What You’ll Need
- Paper plates
- Glue or stapler
- Glow stick
1. Cut a 4-inch circle from the center of a paper plate.
2. Cut 1½-inch-long slits every ½ inch to make 24 tabs. Remove every second tab, as shown.
3. Repeat steps 1 and 2 with a second paper plate.
4. Bend the 12 tabs on each plate, line them up as shown in the photo, and glue or staple them together.
5. Paint the crown—ours is blue on top, red on bottom. To make the spikes of the crown, cut seven tall narrow triangles from a paper plate (see photo). Tape them to the top of the crown and bend them upward. (Fun fact: on the Statue of Liberty, the seven spikes represent the sun, the seven seas, and the seven continents.)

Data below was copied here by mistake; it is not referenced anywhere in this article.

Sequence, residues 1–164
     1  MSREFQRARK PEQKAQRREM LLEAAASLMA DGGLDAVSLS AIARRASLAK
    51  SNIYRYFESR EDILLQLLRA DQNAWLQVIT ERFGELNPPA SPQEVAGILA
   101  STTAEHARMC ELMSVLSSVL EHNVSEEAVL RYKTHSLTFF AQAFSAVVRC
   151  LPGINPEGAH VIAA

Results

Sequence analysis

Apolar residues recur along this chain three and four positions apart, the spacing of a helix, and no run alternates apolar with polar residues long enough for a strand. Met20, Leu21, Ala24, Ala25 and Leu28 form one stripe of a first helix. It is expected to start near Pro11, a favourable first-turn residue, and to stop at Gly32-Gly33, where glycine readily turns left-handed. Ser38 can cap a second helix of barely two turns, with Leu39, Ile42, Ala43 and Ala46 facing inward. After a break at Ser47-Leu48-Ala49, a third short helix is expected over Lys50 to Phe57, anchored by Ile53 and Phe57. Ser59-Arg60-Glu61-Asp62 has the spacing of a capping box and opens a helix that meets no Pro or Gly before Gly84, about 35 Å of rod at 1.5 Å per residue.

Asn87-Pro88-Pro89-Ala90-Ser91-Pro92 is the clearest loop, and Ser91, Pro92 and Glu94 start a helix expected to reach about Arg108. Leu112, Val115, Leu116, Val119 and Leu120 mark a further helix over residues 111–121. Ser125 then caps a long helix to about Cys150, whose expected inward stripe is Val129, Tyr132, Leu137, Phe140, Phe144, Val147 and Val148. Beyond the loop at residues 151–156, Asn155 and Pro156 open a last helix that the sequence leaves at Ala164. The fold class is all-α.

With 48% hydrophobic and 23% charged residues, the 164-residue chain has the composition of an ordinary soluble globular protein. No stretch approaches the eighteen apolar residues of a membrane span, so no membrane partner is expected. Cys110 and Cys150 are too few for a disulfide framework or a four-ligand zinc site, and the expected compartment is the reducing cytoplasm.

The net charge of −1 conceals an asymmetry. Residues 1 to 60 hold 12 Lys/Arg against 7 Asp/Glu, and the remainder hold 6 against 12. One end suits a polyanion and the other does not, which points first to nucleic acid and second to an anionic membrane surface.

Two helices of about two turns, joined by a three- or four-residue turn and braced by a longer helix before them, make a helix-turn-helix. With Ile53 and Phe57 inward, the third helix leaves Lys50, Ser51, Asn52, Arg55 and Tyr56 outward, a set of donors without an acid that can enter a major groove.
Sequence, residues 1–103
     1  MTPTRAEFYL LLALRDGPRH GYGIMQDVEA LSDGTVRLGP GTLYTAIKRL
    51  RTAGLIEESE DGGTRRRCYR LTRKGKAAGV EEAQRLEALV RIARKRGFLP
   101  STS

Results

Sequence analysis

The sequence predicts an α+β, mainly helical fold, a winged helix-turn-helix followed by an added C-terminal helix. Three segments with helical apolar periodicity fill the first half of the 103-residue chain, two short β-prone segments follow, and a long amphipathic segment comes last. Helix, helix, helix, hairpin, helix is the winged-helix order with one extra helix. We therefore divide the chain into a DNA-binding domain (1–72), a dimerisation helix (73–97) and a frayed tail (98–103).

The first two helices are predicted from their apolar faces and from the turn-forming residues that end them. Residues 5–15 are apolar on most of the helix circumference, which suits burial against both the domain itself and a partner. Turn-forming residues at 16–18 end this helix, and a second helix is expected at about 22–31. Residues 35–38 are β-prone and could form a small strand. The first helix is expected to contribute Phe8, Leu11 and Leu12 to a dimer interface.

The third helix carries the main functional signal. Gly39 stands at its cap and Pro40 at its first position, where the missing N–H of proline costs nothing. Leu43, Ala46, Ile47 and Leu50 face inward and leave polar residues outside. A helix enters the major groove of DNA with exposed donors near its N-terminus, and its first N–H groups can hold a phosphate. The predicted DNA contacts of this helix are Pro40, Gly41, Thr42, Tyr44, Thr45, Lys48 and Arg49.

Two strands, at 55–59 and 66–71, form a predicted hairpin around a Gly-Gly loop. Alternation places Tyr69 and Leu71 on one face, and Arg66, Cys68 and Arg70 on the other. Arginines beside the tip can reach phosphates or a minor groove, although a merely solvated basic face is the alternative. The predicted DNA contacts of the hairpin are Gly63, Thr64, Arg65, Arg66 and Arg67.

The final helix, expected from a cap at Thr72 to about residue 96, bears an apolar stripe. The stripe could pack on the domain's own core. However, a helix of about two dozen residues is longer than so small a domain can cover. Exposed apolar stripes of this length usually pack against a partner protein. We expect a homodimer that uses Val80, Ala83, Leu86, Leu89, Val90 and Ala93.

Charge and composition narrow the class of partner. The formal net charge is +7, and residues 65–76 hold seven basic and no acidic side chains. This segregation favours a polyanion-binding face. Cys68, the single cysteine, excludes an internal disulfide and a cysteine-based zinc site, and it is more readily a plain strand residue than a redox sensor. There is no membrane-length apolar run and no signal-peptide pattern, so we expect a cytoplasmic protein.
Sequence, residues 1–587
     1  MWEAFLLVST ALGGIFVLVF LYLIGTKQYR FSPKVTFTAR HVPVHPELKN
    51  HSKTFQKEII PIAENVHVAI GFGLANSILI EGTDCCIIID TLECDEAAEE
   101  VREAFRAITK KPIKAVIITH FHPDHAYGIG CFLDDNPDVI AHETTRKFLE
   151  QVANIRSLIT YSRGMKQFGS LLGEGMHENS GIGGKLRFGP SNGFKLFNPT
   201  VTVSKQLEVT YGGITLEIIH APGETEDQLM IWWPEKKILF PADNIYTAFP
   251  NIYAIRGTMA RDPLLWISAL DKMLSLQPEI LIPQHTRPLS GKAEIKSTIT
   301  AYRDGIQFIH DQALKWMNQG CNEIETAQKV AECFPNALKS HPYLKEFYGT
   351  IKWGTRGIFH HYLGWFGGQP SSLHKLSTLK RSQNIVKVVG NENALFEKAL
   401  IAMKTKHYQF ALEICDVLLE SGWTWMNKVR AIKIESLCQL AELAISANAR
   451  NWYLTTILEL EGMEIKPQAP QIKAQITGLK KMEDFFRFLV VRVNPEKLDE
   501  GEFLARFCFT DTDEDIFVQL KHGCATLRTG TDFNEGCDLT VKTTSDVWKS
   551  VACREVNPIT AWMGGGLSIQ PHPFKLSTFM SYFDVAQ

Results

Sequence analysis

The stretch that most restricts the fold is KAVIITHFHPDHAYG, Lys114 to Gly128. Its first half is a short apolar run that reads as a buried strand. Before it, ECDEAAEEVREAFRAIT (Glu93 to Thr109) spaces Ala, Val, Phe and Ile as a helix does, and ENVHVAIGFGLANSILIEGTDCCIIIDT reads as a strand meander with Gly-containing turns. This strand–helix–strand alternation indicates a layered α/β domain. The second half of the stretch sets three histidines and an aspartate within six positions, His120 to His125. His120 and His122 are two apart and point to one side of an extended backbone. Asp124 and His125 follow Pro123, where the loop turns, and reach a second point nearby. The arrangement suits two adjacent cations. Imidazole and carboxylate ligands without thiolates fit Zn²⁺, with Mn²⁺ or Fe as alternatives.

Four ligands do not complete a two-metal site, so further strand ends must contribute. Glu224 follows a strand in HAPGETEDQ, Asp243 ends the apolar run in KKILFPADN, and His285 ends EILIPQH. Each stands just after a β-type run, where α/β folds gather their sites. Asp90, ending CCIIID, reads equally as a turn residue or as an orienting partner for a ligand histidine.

6. When it’s time to wear your crown, activate a glow stick and attach it around the crown. (Tape it in place if necessary.)
For younger kids: Read a story about the Statue of Liberty. Recite the Pledge of Allegiance. Simplify the concepts of liberty and justice and discuss them with your kids. (Give examples such as, “A hamster was liberated when he escaped his cage,” or “The girl got justice when her brother was punished for being rude to her.”) The date July 4, 1776 is written in Roman numerals on the tablet in Lady Liberty’s hand. Practice writing VII - IV – MDCCLXXVI.
For older kids: Memorize the poem on the Statue of Liberty’s pedestal. “Give me your tired, your poor, your huddled masses yearning to breathe free…” is just part of “The New Colossus” by Emma Lazarus. Too long? Assign a section to each person in your family, then recite the poem in order at your Fourth of July barbecue.